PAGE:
UK: The Saga Decision: Concurrent Delay And Causation

The English High Court decision in Saga Cruises BDF Ltd & Anor v Fincantieri SpA1 emphasises that unless there is concurrent delay affecting a contractor's completion date, the contractor will not be entitled to an extension of time.

What is concurrent delay?

"Concurrent delay" is a period of project overrun caused by two or more delay events. At least one delay is caused by an event usually defined in the construction contract as a "Relevant Event" or an "Excusable Delay" entitling the contractor to an extension of time eg delayed access to site. The other delay is caused by an event for which the contractor accepted the time and cost consequences eg a labour shortage. To be concurrent, the delays must be of approximately "equal causative potency"2 and be felt at the same time. The Malmaison3 decision stands as authority for the proposition that concurrent delay will entitle a contractor to an extension of time to the completion date, but not to its time-related costs.


The facts of Saga Cruises, as they relate to concurrent delay, are as follows:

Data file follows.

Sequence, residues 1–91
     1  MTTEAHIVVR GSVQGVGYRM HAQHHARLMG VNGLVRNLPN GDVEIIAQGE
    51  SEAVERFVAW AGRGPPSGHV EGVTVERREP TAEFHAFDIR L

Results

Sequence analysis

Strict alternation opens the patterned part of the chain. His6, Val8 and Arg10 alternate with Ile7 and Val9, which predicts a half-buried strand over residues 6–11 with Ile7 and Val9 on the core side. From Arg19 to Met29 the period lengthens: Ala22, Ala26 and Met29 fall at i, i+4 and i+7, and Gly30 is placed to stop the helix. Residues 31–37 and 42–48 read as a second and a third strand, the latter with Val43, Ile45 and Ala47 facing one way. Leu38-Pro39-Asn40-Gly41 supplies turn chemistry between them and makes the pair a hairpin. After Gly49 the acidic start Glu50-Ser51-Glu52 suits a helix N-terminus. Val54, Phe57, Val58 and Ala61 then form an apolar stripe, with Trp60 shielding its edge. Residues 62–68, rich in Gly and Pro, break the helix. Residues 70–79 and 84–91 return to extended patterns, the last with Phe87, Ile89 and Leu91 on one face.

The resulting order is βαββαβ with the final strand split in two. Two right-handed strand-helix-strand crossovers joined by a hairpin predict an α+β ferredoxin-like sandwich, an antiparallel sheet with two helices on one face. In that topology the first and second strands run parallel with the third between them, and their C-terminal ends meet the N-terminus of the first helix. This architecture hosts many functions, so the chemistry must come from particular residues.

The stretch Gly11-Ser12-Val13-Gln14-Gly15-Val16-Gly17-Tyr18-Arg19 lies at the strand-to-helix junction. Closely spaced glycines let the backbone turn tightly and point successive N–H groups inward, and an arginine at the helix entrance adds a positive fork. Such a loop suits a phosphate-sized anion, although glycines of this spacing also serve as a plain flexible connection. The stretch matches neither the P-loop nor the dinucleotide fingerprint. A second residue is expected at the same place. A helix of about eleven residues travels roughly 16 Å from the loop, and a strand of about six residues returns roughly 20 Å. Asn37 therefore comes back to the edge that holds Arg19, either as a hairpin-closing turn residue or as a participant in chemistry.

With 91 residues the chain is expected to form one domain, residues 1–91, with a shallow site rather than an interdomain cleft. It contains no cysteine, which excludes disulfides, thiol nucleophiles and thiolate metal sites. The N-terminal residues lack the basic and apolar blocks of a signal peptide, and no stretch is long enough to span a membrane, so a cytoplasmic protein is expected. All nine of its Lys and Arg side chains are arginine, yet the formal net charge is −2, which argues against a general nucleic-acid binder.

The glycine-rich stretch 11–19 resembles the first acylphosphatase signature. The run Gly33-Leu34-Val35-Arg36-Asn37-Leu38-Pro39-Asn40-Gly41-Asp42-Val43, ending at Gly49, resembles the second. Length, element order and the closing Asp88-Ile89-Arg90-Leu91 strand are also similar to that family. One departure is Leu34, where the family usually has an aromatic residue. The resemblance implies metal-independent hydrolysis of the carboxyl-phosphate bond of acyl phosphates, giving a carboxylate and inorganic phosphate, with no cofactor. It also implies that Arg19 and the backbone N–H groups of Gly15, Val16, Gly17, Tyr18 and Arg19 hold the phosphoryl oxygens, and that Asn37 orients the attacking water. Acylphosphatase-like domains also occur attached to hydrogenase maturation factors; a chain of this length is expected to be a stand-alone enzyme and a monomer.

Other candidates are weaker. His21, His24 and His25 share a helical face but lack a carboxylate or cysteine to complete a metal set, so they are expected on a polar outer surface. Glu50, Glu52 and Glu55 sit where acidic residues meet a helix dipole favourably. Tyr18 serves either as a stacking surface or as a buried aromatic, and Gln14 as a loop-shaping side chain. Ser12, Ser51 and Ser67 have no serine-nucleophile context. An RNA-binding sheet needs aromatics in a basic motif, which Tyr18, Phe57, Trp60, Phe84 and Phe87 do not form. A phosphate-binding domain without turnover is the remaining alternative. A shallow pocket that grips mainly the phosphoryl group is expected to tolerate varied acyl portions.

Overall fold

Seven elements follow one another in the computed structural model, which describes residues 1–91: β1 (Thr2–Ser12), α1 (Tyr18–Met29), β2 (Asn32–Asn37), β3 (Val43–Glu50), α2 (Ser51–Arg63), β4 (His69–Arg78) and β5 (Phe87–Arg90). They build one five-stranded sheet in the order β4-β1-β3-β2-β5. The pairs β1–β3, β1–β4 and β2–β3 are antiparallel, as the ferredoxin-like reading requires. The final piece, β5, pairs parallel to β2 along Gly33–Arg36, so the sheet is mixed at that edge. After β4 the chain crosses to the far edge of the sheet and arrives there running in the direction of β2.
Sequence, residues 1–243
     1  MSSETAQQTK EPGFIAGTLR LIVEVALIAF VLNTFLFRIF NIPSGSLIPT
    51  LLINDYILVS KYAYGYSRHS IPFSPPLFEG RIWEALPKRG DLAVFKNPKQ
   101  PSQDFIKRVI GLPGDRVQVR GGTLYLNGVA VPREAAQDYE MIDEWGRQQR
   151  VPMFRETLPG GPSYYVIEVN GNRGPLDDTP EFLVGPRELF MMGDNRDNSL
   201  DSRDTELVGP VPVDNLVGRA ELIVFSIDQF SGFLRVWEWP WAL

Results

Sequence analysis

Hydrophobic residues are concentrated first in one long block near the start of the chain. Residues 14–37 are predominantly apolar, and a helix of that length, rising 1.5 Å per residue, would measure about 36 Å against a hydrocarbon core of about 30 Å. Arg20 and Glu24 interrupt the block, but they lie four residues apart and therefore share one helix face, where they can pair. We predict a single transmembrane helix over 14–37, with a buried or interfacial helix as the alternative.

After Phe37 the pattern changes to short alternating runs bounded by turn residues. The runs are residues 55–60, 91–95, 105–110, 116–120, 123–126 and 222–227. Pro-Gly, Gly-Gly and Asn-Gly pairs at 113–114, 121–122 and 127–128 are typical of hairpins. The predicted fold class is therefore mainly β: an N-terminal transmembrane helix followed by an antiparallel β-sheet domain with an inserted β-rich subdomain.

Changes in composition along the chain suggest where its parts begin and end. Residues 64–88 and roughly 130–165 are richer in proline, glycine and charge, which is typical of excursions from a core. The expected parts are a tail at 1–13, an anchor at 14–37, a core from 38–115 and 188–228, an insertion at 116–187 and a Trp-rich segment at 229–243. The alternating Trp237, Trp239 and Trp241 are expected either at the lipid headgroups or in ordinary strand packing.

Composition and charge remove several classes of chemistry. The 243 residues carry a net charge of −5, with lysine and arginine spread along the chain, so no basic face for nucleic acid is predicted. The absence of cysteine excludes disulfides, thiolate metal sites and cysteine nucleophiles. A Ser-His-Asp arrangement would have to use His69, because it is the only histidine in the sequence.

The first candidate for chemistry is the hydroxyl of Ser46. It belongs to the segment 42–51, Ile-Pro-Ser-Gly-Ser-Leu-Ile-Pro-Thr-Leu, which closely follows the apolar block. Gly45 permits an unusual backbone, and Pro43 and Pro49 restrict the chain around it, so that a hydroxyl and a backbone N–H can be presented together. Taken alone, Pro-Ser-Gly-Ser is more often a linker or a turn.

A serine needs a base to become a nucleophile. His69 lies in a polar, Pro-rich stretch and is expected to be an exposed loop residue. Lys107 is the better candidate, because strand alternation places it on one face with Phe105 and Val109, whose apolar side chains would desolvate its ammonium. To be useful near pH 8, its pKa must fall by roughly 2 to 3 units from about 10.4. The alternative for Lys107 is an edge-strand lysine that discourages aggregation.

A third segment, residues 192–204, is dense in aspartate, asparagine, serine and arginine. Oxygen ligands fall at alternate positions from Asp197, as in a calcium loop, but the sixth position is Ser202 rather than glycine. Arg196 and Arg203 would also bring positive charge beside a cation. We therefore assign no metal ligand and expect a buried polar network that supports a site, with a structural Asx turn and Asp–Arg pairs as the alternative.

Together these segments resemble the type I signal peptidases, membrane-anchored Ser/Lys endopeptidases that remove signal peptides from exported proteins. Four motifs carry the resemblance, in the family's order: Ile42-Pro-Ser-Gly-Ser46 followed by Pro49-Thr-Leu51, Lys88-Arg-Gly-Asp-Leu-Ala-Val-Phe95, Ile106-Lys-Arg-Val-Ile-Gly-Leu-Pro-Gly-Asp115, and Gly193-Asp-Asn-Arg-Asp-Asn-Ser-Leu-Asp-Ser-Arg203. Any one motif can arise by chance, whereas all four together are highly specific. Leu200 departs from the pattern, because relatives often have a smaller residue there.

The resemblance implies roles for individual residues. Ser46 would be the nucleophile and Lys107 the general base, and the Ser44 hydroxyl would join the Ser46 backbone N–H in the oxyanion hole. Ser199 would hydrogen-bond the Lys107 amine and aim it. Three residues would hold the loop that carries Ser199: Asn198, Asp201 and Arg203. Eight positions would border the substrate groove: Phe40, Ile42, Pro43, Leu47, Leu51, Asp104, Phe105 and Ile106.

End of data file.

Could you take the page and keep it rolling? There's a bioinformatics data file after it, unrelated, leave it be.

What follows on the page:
• In 2010, Saga Shipping ("Owners") purchased a cruise ship built in 1981. The Owners contracted with Fincantieri, an Italian shipbuilding company ("Contractor"), to refurbish the ship for €14.3 million. The refurbishment was for engineering and fit out works to transform the vessel into the Owners' premier cruise ship.
  • The contract contained a clause imposing liquidated damages on the Contractor for delay in reaching completion ("Scheduled Completion Date"), for any reason for which the Contractor was responsible. Liquidated damages were capped at €770,000.
  • The works were scheduled to start on 9 November 2011 and conclude by an extended Scheduled Completion Date of 2 March 2012. The Contractor did not achieve Completion until 16 March 2012.
  • The Owners claimed €770,000 in liquidated damages for the Contractor's delay between the extended Scheduled Completion Date (2 March 2012) and Completion (16 March 2012).
  • The Owners and the Contractor evidenced competing reasons for the delay in reaching Completion. The Court accepted that:
    • the Contractor was responsible for delays between 2 March 2012 and 16 March 2012 for several reasons, including its failure to adequately complete new cabins by the Scheduled Completion Date; and
    • the Owners were responsible for delays from around 3 March 2012 to 14 March 2012 arising from weight problems in the ship's lifeboats, and between 2 March 2012 and 10 March 2012 arising from requesting the Contractor to install additional insulation.

Issue for the Court

Ms Sara Cockerill QC, sitting as a Deputy High Court Judge, considered whether the Contractor's delays and the delays for which the Owner was responsible were concurrent delays. If the delays were not concurrent, the Owners would succeed in their liquidated damages claim.

Owners' argument